Monday, September 12, 2011
Guest Blogger Shana Galen
The Best Scenes
Thank you so much for having me here today, Lady Scribes! I enjoy your blog and your books. It’s an honor.
Today I thought I’d chat a bit about writing my favorite scenes. My favorite scenes to read aren’t always my favorite to write. I love writing scenes with action and verbal sparring. The words fly from my fingers almost as fast as the action happens in my mind. I suppose that’s why I write adventurous historical novels. I love action and adventure.
In my new book, Lord and Lady Spy, I have lots of fun action scenes. Adrian and Sophia are out of work spies who must compete against one another for reinstatement into an elite British spy organization. Oh, and Adrian and Sophia aren’t simply rivals, they’re married—Lord and Lady Smythe. If you’re thinking this is a little like Mr. and Mrs. Smith—you’re right!
Here’s a scene from Lord and Lady Spy I loved writing.
The groom made a last attempt to thwart her, jumping in front of the phaeton. Idiot! Did he want to be trampled? It was probably better than losing his position when his employer found out he’d lost the carriage.
Sophia yanked on the reins and the horse cut to the side, barely missing the groom.
“I’ll have it returned to you!” Sophia called to the groom as she left him behind. He shook his fist and yelled something she assumed was not complimentary, and then she was directing the horse to take the opening on her left. But they were traveling too quickly, and the phaeton took the turn on only one of its two wheels. Sophia hung on, jouncing horribly when the airborne wheel hit the ground again. Up ahead was Conduit and her man. The street was rather crowded, far too crowded for her to emerge at this speed, but she’d rather take her chances than lose the shadow…or lose to Adrian.
The magnificent animal jumped onto Conduit, narrowly missing a cart full of charcoal. Sophia prayed both wheels would stay on the ground as she negotiated yet another sharp turn. She was standing in the box, her legs braced apart, searching the wide-eyed, slack-jawed pedestrians for the man in the brown hat and green coat. She sped past Lady Ramsgate, chairwoman of the society for something or other, and Sophia gave her a jaunty wave. No doubt Lady Ramsgate would be removing Lady Smythe from their membership roster after this incident.
No wonder she preferred working abroad. Far fewer complications.
Up ahead, Sophia spotted a man running and slapped the reins. He’d lost his hat and she frowned when she saw the dark blond hair. Why was Adrian running? Damn it! Had he caught their man already?
Adrian reached for the closed back of a gig cutting through traffic, and Sophia immediately understood. Their man had realized their plan and was trying to escape. She slapped the reins again, called a warning to a man about to cross in front of her, swerved, narrowly avoiding him, but jostling a cart and spilling potatoes in her wake.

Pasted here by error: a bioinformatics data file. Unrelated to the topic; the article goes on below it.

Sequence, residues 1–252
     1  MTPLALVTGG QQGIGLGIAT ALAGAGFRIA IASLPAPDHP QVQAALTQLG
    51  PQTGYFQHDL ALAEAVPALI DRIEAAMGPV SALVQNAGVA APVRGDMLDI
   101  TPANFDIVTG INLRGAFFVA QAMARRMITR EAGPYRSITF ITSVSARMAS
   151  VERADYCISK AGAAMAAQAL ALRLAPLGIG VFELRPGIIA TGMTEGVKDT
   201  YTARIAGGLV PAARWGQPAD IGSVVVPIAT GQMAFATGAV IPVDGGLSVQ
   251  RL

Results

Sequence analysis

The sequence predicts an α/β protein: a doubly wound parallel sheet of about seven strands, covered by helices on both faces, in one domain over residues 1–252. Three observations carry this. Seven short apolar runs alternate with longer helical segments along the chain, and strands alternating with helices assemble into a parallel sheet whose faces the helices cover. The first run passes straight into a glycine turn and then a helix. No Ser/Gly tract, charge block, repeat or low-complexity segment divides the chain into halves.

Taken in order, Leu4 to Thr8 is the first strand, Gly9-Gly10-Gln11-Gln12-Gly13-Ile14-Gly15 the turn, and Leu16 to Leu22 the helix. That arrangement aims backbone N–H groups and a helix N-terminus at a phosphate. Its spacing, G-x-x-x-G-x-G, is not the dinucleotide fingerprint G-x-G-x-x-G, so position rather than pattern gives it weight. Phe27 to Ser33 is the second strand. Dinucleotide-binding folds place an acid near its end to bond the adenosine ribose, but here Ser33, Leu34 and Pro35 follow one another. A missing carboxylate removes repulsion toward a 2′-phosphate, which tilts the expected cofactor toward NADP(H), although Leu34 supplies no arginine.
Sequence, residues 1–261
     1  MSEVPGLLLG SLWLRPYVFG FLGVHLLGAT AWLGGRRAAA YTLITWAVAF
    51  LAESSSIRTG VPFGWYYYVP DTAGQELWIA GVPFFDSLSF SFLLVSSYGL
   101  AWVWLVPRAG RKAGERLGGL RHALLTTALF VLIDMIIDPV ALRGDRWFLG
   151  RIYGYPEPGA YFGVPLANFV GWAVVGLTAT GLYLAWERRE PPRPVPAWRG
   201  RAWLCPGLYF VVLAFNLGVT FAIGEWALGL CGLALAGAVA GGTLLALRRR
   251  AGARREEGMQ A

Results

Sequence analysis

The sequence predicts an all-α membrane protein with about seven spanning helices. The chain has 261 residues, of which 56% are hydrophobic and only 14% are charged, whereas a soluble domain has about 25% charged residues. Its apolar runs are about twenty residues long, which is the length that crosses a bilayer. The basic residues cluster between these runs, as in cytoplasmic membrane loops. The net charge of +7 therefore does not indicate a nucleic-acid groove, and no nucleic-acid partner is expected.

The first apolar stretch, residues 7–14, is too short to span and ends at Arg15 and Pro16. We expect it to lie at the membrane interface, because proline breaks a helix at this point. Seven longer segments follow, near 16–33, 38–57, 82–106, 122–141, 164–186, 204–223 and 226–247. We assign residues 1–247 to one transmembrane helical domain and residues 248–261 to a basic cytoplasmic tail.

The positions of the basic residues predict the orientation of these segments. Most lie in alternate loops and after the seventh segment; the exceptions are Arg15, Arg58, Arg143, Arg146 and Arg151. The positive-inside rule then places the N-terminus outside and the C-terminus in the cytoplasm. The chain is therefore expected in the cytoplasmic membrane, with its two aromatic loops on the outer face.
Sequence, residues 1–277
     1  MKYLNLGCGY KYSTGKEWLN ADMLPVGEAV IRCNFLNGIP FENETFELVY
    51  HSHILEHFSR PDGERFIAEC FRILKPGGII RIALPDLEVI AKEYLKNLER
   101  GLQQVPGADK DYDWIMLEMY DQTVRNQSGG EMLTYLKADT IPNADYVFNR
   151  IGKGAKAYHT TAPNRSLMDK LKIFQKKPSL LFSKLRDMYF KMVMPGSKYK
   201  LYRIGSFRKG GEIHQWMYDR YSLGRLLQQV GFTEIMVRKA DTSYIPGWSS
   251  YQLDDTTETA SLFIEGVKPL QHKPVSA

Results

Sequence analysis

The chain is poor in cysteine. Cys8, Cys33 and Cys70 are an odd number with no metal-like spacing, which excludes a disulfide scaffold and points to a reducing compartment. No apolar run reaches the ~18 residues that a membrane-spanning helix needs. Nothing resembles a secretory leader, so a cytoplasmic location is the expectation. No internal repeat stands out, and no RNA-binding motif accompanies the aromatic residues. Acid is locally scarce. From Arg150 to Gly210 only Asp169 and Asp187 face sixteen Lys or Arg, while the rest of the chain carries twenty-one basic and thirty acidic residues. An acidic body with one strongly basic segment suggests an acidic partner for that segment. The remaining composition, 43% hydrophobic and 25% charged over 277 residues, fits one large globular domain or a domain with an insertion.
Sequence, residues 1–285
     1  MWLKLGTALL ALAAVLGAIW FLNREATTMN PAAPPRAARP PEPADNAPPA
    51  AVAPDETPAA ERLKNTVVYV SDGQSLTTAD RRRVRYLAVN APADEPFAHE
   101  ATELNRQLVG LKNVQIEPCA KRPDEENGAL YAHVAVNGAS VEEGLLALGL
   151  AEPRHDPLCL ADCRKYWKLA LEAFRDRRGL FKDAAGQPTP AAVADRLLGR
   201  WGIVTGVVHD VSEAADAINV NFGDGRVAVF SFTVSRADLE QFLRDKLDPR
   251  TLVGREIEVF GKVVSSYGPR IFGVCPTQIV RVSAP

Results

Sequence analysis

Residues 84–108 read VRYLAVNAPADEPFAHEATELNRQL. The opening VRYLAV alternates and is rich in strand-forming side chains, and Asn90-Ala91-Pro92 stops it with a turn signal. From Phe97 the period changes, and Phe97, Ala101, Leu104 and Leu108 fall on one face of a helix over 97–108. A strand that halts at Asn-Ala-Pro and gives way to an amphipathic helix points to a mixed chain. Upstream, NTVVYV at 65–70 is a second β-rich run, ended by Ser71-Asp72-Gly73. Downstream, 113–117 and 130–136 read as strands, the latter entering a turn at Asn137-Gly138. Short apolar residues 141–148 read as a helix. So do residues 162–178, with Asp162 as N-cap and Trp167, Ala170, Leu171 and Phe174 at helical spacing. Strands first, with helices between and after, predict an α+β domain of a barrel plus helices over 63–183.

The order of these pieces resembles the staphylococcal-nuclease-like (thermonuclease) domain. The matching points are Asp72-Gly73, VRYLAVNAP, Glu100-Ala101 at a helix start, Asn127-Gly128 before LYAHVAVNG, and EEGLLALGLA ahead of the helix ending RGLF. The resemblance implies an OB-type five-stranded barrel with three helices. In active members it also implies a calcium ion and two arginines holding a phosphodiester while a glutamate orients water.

“Sorry!” She gave an apologetic wave to the cursing farmer then turned back just as she came alongside Adrian. He’d missed the gig and had fallen behind. “Jump on!” she called.
For a moment, he stared at her as though he didn’t know her—that was a good sign, perhaps Lady Ramsgate hadn’t recognized her either—and then angled for her. She slowed just enough for him to grasp hold of the box and lever himself beside her.
“Where the bloody hell did this come from?” he asked.
“Providence. Is that our man up ahead?” She nodded to the gig, swerving through carts and horses.
“That’s him. Spotted me and stole it after a short tousle with the coachman.”
“I like him already.” Sophia slapped the reins and the phaeton gained on the gig.
“We’ll never catch him,” Adrian said, hanging on to the seat to keep from bouncing out. “You might be faster, but he’s carrying one and we’re—Good God! Watch out for the—”
But she’d already seen the maid carrying three hat boxes and swerved around her. The maid was unscathed, but the hat boxes went flying, spilling their frilly contents in the middle of the street. Too bad. The one with the lavender ribbons looked most fetching.
“We’ll catch him,” she assured Adrian. “I know how to drive.”
She glanced at him. “You’re welcome to try running again.”
“Keep your eyes on the street! Sophia!”
What are your favorite scenes to read? If you’re a writer, what are your favorites to write? Two lucky commenters will receive a free copy of Shana's book. (US and Canada only. Sorry.) Please leave your email address in your comment so we can contact you.
LORD AND LADY SPY BY SHANA GALEN – IN STORES SEPTEMBER 2011
No man can outsmart him...
Lord Adrian Smythe may appear a perfectly boring gentleman, but he leads a thrilling life as one of England’s most preeminent spies, an identity so clandestine even his wife is unaware of it. But he isn’t the only one with secrets...
She’s been outsmarting him for years...
Now that the Napoleonic wars have come to an end, daring secret agent Lady Sophia Smythe can hardly bear the thought of returning home to her tedious husband. Until she discovers in the dark of night that he’s not who she thinks he is after all...
ABOUT THE AUTHOR
Shana Galen is the author of numerous fast-paced adventurous Regency historical romances, including the Rita-nominated Blackthorne’s Bride. Her books have been sold worldwide, including Japan, Brazil, Russia, Spain, Turkey, and the Netherlands, and have been featured in the Rhapsody and Doubleday Book Clubs. A former English teacher in Houston’s inner city, Shana now writes full time. She’s a wife, a mother, and an expert multi-tasker. She loves to hear from readers: visit her website at http://www.shanagalen.com/ or see what she’s up to daily on Facebook and Twitter.